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Schools use federal funds to minimize ‘learning loss’

Schools use federal funds to minimize ‘learning loss’ Schools use federal funds to minimize ‘learning loss’
Kaitlyn Clay, Staff Writer, [email protected]

The term “learning loss” is something nearly everyone involved in Harrison County’s three school corporations is concerned about. Learning loss is a term that refers to a general loss of knowledge and skills, or a reversal in academic progress, due to extended gaps in a student’s education.

And having gone through the recent COVID-19 pandemic, which resulted in numerous quarantines for students and periods of learning from home, the fear of learning loss is a valid one. But, the school districts are working hard and using Coronavirus Aid, Relief and Economic Security Act money to make summer school, or intercession, as accessible as possible to battle that.

The Indiana Dept. of Education announced at the end of April the estimated funds that public school districts throughout the state will receive as part of the third round of federal stimulus dollars as part of the American Rescue Plan Act). Together, the state’s school allocations total nearly $1.8 billion.

“Over the past year, this is the third round of federal funding allowing many Indiana schools access to unprecedented resources to sustainably invest in their future,” said Dr. Katie Jenner, Indiana Secretary of Education. “While the needs may vary from one school to the next, it’s critical that schools are strategically planning to maximize their return on investment, in turn achieving the greatest outcomes for students.”

With this funding, schools can reimburse approved expenses incurred through September 2024 that address some of the greatest challenges schools continue to face as a result of the COVID-19 pandemic. Per federal requirements, schools must use at least 20% of these funds to support accelerated learning opportunities for students, as schools work to make up for lost instructional time due to COVID. These evidence-based interventions may include summer learning or enrichment, comprehensive after-school programs or extended school years programs.

The school districts in Harrison County are set to receive the following in the third round of funding: Lanesville Community School Corp., $316,533.75; North Harrison Community School Corp., $1,940,272.79; and South Harrison Community School Corp., $3,345,991.84.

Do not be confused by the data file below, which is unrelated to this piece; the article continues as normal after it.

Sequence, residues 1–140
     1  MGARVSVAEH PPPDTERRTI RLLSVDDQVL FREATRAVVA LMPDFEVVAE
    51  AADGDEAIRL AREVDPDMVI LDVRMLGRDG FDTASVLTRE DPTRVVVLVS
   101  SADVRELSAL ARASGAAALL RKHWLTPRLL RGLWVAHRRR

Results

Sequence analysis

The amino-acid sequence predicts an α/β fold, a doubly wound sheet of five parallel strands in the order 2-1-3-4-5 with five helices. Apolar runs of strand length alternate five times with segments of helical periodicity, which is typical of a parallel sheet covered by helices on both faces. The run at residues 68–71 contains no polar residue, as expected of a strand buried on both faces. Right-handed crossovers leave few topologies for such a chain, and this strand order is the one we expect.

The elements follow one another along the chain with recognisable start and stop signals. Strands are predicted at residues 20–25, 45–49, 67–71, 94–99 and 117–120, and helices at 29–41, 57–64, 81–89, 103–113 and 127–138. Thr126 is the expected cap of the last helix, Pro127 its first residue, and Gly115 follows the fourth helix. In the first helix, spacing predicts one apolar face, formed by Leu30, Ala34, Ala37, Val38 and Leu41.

Steve Morris, superintendent for Lanesville Community schools, said the schools have found good use for their past rounds of CARES funding to help the students, including hiring a permanent sub and an additional teacher, personal protective equipment, technology for the students, training for teachers and the continuation of an after-school tutoring program.

North Harrison school corporation is doing everything in its power to make summer school accessible to students this year to tackle any learning loss that could develop. That school system has used funds to ensure that any student who is interested in attending summer school, whether for a credit recovery course or to just brush up on skills, will be able to attend as free transportation will be provided.

Dr. Lance Richards, superintendent at North Harrison, said that Dr. Steve Hatton, assistant superintendent, and Jackie Belles, the administrative secretary, worked tirelessly on bus routes to accommodate students and ensure there would be rides to and from summer school.

North Harrison schools have not offered a summer school program for the past two years, and this year nearly 300 students are expected to attend.

South Harrison Community School Corp. has approved the hiring of numerous summer school teachers and aides at prior board meetings to gear up for the summer school period. Teachers and corporation staff have worked closely with Tami Geltmaker, the director of curriculum, instruction and assessment, to note what areas of education took a hit this year or had lower test-score performances in order to focus on those areas during the summer school classes.

All three school superintendents have said it is their intention to do everything possible to ensure students at their respective schools suffer from as little learning loss, if any, as possible.